“Having Just One Eye Makes Me Focus Better”: This Blind Tattoo Artist Creates Impressively Intricate Tattoos

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Mohamed Tirana, 25, was born blind in his right eye but that didn’t stop him from becoming the professional tattoo artist that he is today.

Tirana has been completely blind in his right eye since birth due to an incurable congenital infection known as Coat’s Disease. The infection fully damaged the optic nerve in his right eye.

Some may be wondering if this affects his designs but fortunately, it doesn’t.

“Honestly, there hasn’t been any issues since I am so used to it. Having just one eye makes me focus better and see further than most people do.”

“I can prove that in a shooting range if needed,” he laughs.

“I can ride BMX, skateboard, and I’ve even gotten my motorbike license. I am now pursuing my Class Three motorcar license as well,” he elaborates.

Tirana is also transparent about his infection on social media platforms like Instagram.

“Me being blind in my right eye didn’t stop me from pursuing my goals, my education, my license and all that. I push through the challenges that people and God impose on me, and I set out to achieve, nonetheless.”

Learning How to Tattoo

Tirana’s foray into the world of tattoos started through YouTube videos and Ink Master shows on television. He then proceed to try his hand at tattooing by using tattoo kits that were purchased online on his friends, himself, and even an orange.

His first big break came when he got scouted to be an apprentice for Magnifico Studio.

“There, I went through the old-fashioned apprenticeship and learned everything I needed to know about tattooing. Currently, I’m at Beyond Illusion, where I ‘sharpen the blade’ so as to speak.”

Beyond Illusion is a tattoo studio located at the first floor of Singapore’s Golden Landmark Shopping Centre.

A Variety of Designs

Ranging from monochromatic to vibrantly coloured tattoos, Tirana has no limitations to what he can achieve when his fingers are wrapped around the tattoo machine.

“There are actually differences in colours due to their pigments and base solvent. Some colours pack into the skin much easier than others, and some pack brighter than others.”

“We have to experiment and see what works best on our client’s skin and also our technique.”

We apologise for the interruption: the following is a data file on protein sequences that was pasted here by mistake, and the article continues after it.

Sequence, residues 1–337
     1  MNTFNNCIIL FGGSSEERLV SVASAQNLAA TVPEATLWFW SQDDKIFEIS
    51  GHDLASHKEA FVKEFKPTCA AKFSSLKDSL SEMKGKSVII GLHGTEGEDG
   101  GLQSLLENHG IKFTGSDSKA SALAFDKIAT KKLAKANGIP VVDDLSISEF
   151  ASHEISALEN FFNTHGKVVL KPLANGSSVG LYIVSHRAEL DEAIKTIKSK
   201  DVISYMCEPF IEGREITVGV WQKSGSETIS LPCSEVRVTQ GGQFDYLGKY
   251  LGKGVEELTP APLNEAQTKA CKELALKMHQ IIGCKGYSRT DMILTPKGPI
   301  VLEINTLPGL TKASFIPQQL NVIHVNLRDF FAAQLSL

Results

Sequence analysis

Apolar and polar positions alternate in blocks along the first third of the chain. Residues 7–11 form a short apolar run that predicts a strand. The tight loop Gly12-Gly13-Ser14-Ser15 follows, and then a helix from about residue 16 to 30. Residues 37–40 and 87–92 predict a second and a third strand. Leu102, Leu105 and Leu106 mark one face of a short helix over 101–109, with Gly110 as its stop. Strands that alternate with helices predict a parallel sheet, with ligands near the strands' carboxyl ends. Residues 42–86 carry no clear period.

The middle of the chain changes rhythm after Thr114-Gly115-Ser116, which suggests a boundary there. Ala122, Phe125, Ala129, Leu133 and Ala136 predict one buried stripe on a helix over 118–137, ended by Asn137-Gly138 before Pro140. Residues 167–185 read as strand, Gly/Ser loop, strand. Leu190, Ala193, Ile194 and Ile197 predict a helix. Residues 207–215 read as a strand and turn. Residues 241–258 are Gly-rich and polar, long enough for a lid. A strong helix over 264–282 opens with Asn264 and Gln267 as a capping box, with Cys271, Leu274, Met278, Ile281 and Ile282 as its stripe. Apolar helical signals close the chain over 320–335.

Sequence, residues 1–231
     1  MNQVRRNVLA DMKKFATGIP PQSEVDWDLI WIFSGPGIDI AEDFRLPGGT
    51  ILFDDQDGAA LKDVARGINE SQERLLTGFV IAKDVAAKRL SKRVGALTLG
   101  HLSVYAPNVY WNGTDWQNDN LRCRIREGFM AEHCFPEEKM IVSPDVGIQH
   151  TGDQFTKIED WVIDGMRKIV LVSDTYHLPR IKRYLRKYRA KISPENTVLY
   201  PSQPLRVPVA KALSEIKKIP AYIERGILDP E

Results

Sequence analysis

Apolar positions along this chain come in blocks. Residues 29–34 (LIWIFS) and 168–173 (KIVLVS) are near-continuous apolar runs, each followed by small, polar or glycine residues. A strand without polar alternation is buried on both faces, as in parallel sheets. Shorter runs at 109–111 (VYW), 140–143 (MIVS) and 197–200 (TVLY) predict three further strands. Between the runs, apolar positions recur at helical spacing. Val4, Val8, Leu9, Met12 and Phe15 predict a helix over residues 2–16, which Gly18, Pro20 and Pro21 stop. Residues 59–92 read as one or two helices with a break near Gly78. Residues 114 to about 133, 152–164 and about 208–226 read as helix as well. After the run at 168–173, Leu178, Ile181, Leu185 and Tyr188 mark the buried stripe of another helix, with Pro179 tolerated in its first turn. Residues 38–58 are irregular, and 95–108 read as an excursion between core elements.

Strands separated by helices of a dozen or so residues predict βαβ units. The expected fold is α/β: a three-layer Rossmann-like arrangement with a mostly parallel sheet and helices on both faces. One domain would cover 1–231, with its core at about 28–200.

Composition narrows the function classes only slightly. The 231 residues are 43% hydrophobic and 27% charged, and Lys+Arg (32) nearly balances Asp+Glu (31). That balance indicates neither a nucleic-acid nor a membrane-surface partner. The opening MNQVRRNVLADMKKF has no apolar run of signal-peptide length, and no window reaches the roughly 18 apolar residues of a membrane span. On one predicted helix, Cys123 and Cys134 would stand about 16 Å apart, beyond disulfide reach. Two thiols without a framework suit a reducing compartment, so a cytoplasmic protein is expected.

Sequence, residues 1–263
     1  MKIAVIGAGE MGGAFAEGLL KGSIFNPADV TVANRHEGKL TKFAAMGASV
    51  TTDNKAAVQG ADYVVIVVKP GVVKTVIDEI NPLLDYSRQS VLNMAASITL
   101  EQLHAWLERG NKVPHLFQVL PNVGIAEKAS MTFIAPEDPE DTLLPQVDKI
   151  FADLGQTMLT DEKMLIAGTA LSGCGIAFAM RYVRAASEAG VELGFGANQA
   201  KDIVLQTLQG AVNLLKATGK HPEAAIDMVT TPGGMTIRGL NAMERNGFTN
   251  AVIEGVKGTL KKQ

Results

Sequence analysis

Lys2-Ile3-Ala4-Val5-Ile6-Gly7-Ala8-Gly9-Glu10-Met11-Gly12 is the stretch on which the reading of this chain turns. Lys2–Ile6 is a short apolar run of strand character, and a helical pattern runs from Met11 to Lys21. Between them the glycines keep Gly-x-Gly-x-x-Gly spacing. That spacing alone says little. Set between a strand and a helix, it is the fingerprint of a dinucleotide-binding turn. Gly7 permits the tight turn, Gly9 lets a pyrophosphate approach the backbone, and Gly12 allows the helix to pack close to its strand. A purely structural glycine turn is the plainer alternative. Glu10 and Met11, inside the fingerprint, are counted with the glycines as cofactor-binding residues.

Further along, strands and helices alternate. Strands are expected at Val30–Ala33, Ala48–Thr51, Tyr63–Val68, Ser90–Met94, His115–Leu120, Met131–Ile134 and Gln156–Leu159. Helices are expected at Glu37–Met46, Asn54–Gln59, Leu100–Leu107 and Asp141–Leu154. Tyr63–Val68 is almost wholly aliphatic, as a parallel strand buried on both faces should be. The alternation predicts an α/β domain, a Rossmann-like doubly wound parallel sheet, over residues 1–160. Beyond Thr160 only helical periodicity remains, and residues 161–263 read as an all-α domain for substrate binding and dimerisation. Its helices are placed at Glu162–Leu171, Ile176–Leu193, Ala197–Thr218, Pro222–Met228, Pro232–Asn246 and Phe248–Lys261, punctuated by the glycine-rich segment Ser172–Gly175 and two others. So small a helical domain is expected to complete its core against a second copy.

His forte includes neo-traditional, black and grey, scriptures and minimalism tattoo designs.

“Most of the time, clients will usually have their own ideas or references and I do my best to interpret and deliver their designs in my own way.”

Surprisingly, Tirana reveals that he did not study art prior to tattooing.

“I did not take art subject in school, nor would I excel in the conventional norms of graded arts in school,” he laughs.

In fact, being a tattoo artist wasn’t the first option that came to mind.

“I actually wanted to be a Doctor or an Officer in any Force. But sadly, due to my blind eye, I could not pass the medical reviews or examinations,” he says.

“Becoming a tattoo artist was the next best thing — in a way, I am an unorthodox cosmetic surgeon!”

Meaning of His Tattoos

Tirana has many tattoos, and has even tattooed himself: “I think it is a part and parcel of learning how to tattoo.”

When asked if there’s any tattoo that stands out more than the rest, he explains, “most of my tattoos have a dear meaning to me, so I don’t have a specific favourite.”

The same goes for his clients who usually opt for tattoos that mean something to them.

“It could be a date to remember a lost loved one, or something that represents my clients’ experience or struggle,” he says.

“The tattoo gives them strength mentally or provides closure. It is food for the soul.”

Although he is capable of designing any surface area, he deems the ribs, stomach, and sternums as the most difficult to work on.

“It is hard to get the proper stretch on those areas and get the ink in smoothly. Most of the time, the client can rarely sit down quietly on those areas because it is painful,” he explains.

The longest time that he took to complete a design was one that involved a scripts done across a client’s stomach.

“It had five to six sentences and he wanted some nice and clean old English letterings. That took around four to five hours to complete because he could not sit still and could not bear the pain.”

Tattooing in Singapore

For Tirana, he believes that working as a tattoo artist in Singapore is tough, yet has some element of freedom.

“Being able to do what you love, and love what you do is definitely great. Being able to set what day and time you want to work is freedom.”

However, the financial aspect of tattooing as a career is where it gets tough. “It is tough to get the ball rolling and even though you do get the ball rolling, it can stop at any time.”

Even so, the one word that comes to mind when asked about life as a tattoo artist in Singapore is ‘fun’.

He credits his role models for motivating him to go on further.

“I think having a role model to look up to is essential. I know of local tattoo artists who drive Nissan GTRs, Lamborghinis, own a nice house and have a great future ahead.”

“These guys made it. They made it possible for others to dream and achieve, so that is why I am still pushing ahead. I cannot give up yet.”

Planning for the Future

Currently, Tirana works on tattoos solely by appointments. He usually takes up to around four to six clients each week.

He also shared plans of expanding the tattoo studio.

“I think the future plan would be to afford a bigger space to accommodate more artists in the studio”, he says.

He is also aiming to be more skilled enough to participate in conventions and competitions.

To get more updates, follow Tirana on Instagram.